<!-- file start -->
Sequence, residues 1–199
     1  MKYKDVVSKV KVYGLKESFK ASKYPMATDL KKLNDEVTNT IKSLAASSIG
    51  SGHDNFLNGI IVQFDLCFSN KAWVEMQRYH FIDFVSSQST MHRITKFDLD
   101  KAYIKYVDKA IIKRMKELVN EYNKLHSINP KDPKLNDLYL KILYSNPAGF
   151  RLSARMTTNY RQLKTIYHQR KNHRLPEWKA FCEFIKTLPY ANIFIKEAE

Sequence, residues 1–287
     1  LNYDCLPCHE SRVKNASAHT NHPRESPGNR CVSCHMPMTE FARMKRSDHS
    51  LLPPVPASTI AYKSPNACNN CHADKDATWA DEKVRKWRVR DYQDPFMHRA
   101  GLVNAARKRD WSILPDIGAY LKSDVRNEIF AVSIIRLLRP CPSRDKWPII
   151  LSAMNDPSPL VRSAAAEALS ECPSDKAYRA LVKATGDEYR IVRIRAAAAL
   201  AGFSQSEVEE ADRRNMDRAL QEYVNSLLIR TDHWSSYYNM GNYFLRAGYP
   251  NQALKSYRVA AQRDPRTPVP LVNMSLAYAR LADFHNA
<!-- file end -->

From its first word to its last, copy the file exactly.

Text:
Sequence, residues 1–199
     1  MKYKDVVSKV KVYGLKESFK ASKYPMATDL KKLNDEVTNT IKSLAASSIG
    51  SGHDNFLNGI IVQFDLCFSN KAWVEMQRYH FIDFVSSQST MHRITKFDLD
   101  KAYIKYVDKA IIKRMKELVN EYNKLHSINP KDPKLNDLYL KILYSNPAGF
   151  RLSARMTTNY RQLKTIYHQR KNHRLPEWKA FCEFIKTLPY ANIFIKEAE

Sequence, residues 1–287
     1  LNYDCLPCHE SRVKNASAHT NHPRESPGNR CVSCHMPMTE FARMKRSDHS
    51  LLPPVPASTI AYKSPNACNN CHADKDATWA DEKVRKWRVR DYQDPFMHRA
   101  GLVNAARKRD WSILPDIGAY LKSDVRNEIF AVSIIRLLRP CPSRDKWPII
   151  LSAMNDPSPL VRSAAAEALS ECPSDKAYRA LVKATGDEYR IVRIRAAAAL
   201  AGFSQSEVEE ADRRNMDRAL QEYVNSLLIR TDHWSSYYNM GNYFLRAGYP
   251  NQALKSYRVA AQRDPRTPVP LVNMSLAYAR LADFHNA